5. Change DM every 2-3 days until the appearance of beating clusters of cardiomyocytes (15-30 days).

3. Air-liquid 3D Cultures of Beating Clusters and Labeling with HNPs

  1. Identify and manually dissect clusters of beating cardiomyocytes (Figure 1D), normally appearing after 2-4 weeks of culture, using an elongated sharply cut Pasteur pipette.
  2. Deposit 4 PTFE filters per insert that will be placed on a 6-well plate (Figure 1F).
  3. Add 1 ml of DM medium on top of each well.
  4. Add one dissected beating cluster on each PTFE filter (Figure 1E), maximum 4/well, i.e. 24 aggregates per plate (Figure 1F').
  5. Change DM medium every 2-3 days.
  6. To label the clusters, remove the PTFE filter containing the beating cluster and put it on 3.5 cm glass bottom dish (170 µm thick).
  7. Add 1 ml of HNP at a concentration of 50 µg/ml for 30 min.

4. Non-linear Optical Imaging

  1. Sample preparation. After HNP labeling (see Step 3.6), transfer either whole differentiating early hEBs or cardiac beating clusters (dissected upon contraction appearance) on PTFE filters over a 170 µm thick glass-bottom dish compatible with the working distance of high numerical aperture objectives. Alternatively, apply a direct coating of beating clusters to the glass-bottom dish pre-coated with 0.1% gelatin.
  2. Transfer samples to an all-in-one microscope equipped with incubating chamber ensuring stable temperature, humidity and CO2 control over extended periods of time.
  3. After initial inspection, image the sample via wide-field imaging under white light illumination to identify structures of interest within differentiated EBs or active beating clusters that will be selected for further investigations.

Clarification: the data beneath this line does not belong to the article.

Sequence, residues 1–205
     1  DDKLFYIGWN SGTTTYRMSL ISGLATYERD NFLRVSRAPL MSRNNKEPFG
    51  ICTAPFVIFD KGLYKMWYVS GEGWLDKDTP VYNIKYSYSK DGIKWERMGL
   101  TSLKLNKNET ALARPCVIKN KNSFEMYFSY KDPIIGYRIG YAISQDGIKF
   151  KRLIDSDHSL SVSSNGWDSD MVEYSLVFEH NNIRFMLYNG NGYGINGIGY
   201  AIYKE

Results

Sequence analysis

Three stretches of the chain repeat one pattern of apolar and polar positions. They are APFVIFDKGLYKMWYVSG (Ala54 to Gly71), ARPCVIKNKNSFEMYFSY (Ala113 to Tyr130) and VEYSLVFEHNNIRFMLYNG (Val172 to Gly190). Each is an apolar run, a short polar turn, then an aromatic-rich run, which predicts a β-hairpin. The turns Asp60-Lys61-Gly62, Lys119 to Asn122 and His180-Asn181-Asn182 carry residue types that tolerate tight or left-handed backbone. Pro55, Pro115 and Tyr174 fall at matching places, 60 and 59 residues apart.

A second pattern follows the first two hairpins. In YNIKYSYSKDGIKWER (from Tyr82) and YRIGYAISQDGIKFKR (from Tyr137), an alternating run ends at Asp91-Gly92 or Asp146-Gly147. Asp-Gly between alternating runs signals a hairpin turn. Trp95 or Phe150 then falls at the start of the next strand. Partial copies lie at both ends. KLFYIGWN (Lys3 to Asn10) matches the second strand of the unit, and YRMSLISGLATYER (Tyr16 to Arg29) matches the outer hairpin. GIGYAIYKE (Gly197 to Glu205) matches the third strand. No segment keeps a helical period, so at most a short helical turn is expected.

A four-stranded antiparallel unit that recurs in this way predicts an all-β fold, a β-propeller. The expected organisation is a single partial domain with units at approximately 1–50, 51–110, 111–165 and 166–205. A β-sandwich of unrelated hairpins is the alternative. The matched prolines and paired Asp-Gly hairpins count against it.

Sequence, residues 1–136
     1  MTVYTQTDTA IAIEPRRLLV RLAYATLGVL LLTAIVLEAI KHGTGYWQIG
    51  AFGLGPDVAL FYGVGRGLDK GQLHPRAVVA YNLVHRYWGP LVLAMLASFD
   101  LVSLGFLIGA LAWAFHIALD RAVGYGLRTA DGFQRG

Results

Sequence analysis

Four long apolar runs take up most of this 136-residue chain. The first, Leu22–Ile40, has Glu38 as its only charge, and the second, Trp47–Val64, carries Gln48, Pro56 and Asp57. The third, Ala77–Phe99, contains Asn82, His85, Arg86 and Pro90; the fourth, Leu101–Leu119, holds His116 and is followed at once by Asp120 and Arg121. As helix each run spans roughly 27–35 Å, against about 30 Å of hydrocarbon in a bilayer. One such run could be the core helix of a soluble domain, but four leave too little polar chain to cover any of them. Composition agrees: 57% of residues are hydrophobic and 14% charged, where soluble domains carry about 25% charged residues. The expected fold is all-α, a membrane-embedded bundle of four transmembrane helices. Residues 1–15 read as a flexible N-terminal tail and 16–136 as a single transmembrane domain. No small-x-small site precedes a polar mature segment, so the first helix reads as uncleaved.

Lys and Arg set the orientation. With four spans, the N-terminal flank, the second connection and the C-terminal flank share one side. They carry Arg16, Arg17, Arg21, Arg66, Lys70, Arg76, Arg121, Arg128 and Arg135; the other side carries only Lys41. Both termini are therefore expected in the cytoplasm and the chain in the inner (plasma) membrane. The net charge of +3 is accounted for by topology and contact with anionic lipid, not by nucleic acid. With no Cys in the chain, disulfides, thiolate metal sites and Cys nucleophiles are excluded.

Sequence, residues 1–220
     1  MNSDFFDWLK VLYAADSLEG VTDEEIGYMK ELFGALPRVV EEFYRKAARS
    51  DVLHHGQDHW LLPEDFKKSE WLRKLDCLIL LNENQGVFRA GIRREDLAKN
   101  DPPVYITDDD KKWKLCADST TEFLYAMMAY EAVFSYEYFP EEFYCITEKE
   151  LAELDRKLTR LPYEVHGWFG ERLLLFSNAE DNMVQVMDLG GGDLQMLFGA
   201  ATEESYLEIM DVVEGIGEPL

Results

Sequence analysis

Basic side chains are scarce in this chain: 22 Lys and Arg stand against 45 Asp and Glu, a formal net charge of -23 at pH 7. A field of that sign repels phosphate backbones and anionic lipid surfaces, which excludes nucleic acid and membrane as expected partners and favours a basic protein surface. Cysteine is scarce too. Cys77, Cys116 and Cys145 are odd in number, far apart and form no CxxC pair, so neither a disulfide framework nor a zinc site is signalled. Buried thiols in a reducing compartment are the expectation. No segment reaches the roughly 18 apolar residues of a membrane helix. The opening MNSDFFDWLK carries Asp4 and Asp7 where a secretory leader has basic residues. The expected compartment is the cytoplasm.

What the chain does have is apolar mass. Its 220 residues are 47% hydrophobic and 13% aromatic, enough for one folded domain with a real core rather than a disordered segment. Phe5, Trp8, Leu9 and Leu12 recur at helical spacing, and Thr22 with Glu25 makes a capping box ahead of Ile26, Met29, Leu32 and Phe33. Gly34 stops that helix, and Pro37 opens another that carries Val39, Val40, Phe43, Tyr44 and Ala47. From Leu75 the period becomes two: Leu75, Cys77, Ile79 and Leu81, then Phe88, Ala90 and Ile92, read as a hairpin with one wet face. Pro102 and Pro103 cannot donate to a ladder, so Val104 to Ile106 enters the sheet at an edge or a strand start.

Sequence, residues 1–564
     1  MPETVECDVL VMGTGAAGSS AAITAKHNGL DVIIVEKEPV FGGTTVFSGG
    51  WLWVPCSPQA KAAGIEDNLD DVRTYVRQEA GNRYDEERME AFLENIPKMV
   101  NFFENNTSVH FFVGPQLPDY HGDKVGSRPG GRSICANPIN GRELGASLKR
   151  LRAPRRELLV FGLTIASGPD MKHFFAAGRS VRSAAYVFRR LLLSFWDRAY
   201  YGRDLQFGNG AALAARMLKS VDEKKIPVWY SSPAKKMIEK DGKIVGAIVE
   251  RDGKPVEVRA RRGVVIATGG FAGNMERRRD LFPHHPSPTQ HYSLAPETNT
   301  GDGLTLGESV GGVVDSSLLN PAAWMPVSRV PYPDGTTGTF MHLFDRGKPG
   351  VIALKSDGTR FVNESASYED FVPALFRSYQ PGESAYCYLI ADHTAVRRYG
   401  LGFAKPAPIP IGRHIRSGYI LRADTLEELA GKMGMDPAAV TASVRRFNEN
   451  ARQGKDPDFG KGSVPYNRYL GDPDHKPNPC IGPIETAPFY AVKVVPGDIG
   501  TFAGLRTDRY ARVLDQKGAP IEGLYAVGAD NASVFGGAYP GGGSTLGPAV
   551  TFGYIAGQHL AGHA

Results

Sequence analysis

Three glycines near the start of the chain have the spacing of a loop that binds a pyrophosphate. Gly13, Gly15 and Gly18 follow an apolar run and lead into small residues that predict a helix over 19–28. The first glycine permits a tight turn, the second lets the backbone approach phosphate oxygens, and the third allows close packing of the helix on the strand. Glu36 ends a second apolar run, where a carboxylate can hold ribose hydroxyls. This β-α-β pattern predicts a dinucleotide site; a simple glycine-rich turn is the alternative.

4. If cell autofluorescence from NADH and SH from HNPs have to be simultaneously acquired, set a shorter laser excitation wavelength (i.e. 720 nm) to match the molecular absorption. Use one narrow band-pass spectral filter centered at half the excitation wavelength (i.e., λ = 360 ± 10 nm) to detect SH, and another one to detect autofluorescence.
  5. Firstly perform a fast, low resolution, three-dimensional scan to rebuild the overall morphology of the cardiac cluster and select an image plane within the cluster volume with several visible HNPs.
  6. If necessary, change the excitation wavelength freely to best match the sample's optical properties or to avoid photobleaching, photo damage and to image deeper into tissues with an IR wavelength (i.e., 790 nm) and replace the second harmonic filter accordingly (i.e., 395 nm). Optimize the settings of the laser pulse pre-compressor at the working wavelength of choice by maximizing the second harmonic signal of HNPs deposited on the sample.
  7. To monitor in real time the cardiac cluster contractions, set the microscope optical scanner in the fastest mode such as resonant mode, allowing high speed acquisition of two-dimensional images.
  8. Choose the settings as best compromise between image contrast and acquisition speed, such as:
    • Scan averaging: 4
    • Pixel dwell time: 0.1 µsec
    • Image rate: 3.75 frames per sec (fps)